Inteligent Monitoring of Distribution Automation

by S. E. Rudd, J. D. Kirkwood, E. M. Davidson, S. M. Strachan∗, V. M. Gutterson and S. D. J. McArthur, UK

Whilst the scope of definition for the ‘smart grid’ is wide and differs across territories, certain visions on  how our energy infrastructure is predicted to evolve are shared. It is envisaged that information and communications technologies will play a key role in the delivery of future networks. For the operation of future distribution networks, these visions translate into a number of changes from common practice:

  • An increasingly observable network - the proliferation of communications and monitoring equipment on distribution networks will result in greater observability at lower voltage levels
  • Bi-directional power flows, introduced through the connection of distributed energy resources - for networks originally designed for uni-directional power flows, this can lead to congestion and problems regulating voltage
  • Increased use or even reliance on distribution automation and active network management, as a means of providing reliable and cost effective supply of electricity
  • Controllable load through various demand-side management measures


 However, these changes to current practice are likely to result in a number of challenges for the utility personnel tasked with operating distribution networks. One such challenge is the increased volumes of data that such a highly monitored, active distribution system, with widespread use of automation, is likely to produce. Intelligent systems researchers within the power systems community have long understood the problems associated with deriving meaningful information from power systems data, especially under extreme conditions, such as during storms or other network events.

Over two decades of research has produced numerous expert systems, and model-based reasoning systems, for alarm processing for both transmission and distribution systems. However, the move to more observable distribution networks, which are active rather than passive, leads to a new set of challenges in understanding system behavior, health and performance of distribution automation and active network management schemes on a day-to-day basis.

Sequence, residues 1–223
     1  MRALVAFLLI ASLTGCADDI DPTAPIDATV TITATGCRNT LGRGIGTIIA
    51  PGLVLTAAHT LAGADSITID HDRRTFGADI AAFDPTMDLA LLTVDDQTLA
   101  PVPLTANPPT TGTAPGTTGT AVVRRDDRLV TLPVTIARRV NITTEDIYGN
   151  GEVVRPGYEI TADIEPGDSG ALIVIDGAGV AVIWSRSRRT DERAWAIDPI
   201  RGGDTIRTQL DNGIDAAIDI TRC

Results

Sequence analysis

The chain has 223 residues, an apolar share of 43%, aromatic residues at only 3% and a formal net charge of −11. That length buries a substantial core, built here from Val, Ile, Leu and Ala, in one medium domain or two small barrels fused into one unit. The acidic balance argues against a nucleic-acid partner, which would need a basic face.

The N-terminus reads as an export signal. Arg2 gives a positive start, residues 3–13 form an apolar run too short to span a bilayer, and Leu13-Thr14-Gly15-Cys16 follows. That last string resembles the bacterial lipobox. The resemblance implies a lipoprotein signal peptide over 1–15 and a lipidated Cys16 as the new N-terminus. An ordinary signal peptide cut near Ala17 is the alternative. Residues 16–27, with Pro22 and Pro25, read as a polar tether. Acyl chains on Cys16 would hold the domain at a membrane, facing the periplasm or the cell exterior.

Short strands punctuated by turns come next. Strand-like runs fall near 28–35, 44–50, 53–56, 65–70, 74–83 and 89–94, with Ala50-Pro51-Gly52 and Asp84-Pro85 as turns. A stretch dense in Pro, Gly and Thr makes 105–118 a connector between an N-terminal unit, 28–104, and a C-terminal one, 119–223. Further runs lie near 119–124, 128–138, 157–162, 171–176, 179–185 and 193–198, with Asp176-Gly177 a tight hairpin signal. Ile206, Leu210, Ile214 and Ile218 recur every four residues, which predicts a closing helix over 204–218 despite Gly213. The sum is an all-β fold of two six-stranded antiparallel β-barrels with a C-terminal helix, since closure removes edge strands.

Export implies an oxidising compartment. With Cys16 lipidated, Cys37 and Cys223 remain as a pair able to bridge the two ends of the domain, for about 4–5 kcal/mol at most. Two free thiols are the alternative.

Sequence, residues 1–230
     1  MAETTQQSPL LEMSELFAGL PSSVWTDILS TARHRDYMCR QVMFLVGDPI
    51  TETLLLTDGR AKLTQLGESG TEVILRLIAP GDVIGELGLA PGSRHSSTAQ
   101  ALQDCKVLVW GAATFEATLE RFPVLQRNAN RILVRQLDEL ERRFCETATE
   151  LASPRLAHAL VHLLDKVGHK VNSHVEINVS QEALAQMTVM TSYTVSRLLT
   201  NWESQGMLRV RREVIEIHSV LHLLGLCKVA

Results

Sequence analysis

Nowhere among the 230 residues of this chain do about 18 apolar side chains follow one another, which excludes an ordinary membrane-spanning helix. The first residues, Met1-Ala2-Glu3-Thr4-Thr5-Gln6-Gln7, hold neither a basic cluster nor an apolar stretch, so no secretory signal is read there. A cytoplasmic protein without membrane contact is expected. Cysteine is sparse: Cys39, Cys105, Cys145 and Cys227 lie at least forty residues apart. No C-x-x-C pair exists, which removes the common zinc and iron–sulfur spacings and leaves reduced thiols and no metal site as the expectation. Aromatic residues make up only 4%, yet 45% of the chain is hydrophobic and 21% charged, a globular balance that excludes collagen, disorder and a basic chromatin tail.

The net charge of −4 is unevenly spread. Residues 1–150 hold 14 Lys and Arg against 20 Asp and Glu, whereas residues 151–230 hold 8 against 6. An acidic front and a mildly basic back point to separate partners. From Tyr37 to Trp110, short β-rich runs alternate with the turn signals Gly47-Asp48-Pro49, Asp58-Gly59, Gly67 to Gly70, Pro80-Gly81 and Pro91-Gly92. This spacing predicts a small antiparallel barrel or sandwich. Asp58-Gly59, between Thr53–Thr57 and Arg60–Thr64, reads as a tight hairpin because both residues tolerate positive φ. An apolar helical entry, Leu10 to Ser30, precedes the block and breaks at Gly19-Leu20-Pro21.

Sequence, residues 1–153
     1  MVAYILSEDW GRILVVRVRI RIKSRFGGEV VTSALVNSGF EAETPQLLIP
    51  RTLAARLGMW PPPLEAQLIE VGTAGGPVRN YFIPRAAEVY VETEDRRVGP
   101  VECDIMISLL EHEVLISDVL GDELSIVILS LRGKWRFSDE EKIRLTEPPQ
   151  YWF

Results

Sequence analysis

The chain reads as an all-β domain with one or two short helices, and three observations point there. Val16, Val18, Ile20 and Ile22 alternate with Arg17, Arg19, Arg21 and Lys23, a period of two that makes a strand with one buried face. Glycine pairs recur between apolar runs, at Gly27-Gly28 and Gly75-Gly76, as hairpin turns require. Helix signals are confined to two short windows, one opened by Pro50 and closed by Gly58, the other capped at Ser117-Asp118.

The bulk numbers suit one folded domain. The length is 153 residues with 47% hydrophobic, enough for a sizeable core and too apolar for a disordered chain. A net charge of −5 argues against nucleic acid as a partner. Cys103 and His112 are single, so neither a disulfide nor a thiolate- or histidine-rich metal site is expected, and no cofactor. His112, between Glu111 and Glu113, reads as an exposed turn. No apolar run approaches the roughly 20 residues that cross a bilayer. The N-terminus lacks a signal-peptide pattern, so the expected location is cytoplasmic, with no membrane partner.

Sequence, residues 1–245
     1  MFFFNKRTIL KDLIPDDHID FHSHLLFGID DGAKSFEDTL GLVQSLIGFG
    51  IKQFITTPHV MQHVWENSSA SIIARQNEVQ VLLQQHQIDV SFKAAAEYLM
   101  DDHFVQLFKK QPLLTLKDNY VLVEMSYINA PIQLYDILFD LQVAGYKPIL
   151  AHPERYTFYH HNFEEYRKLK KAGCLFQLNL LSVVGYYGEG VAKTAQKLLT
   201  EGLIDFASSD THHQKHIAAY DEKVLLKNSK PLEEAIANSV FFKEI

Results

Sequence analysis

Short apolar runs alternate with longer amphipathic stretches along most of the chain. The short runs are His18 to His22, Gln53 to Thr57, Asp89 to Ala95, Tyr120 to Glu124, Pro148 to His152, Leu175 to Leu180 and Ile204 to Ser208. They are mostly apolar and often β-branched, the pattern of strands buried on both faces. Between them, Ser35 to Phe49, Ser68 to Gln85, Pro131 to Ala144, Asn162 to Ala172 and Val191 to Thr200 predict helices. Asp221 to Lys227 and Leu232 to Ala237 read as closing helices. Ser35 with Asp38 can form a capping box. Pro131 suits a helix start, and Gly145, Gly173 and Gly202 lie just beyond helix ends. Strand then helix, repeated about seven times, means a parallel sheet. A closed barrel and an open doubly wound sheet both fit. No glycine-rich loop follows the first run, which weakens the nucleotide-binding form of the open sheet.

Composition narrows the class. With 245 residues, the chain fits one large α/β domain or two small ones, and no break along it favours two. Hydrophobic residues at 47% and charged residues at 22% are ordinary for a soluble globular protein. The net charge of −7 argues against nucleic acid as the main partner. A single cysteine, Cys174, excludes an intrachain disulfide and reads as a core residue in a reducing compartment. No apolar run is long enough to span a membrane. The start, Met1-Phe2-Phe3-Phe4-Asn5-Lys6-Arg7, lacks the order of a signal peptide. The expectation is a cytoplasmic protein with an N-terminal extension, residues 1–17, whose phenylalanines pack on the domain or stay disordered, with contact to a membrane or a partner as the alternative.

Arguably, active network management is still in its infancy. Only a handful of schemes have seen deployment around the world, and utilities are still learning what the impact on the routine operation of the networks will be and what, from an operational perspective, the widespread roll-out of such schemes is likely to entail.
On the other hand, one area where much more experience has been gained is that of distribution automation. Regulatory pressure in the form of incentives relating to reliability of supply, e.g. customer minutes lost (CML) and customer interruption (CI) in the UK; and the customer average interruption duration index (CAIDI) in the USA, have resulted in utilities investing in distribution automation in a bid to increase their revenue.

Distribution automation to improve customer service, and in doing so meet or exceed regulatory targets, can take various forms: remote terminal unit (RTU) based schemes; automatic teleswitching schemes; and novel peer-to- peer communicating schemes, such as S&C Electric’s IntelliTeam2. However, regardless of the type of distribution automation used, understanding both the performance and health of such schemes is an operational requirement. In order to make a positive impact (and not a negative impact) on reliability of supply, distribution automation schemes must operate when needed. Identifying incipient failures, scheme performance issues or problems with equipment health before they result in failure of the scheme to operate when needed, is an important task: it ensures that schemes perform in such a way that justifies the investment in the first place.
This includes the health and performance of the communication systems on which they may rely. Often, such information is implicit in the power systems data that engineers use to make such assessments. Moreover, the volumes of data produced by a large number of schemes can make manual analysis of the data impractical. Symptoms of incipient failure may be seen over several hours, days or even weeks. Tracking such symptoms can be problematic.

This article discusses distribution automation in general and the requirement for automatic analysis of data relating to the health and performance of distribution automation schemes. A case study is included, which considers some of the data analysis problems seen by a UK utility after the widespread roll-out of a particular type of distribution automation scheme. This article outlines some of the decision support requirements from the perspective of the engineers tasked with maintaining and managing such schemes.
In terms of decision support technologies, the article examines the use of complex event processing and rule-based expert systems as a means of dealing with that data. Example rules for identifying a number of scheme health and performance issues, derived through knowledge elicitation, are presented. How these rules are used within a prototype alarm processing system, currently under development, is described. Future extensions to that prototype are also discussed.

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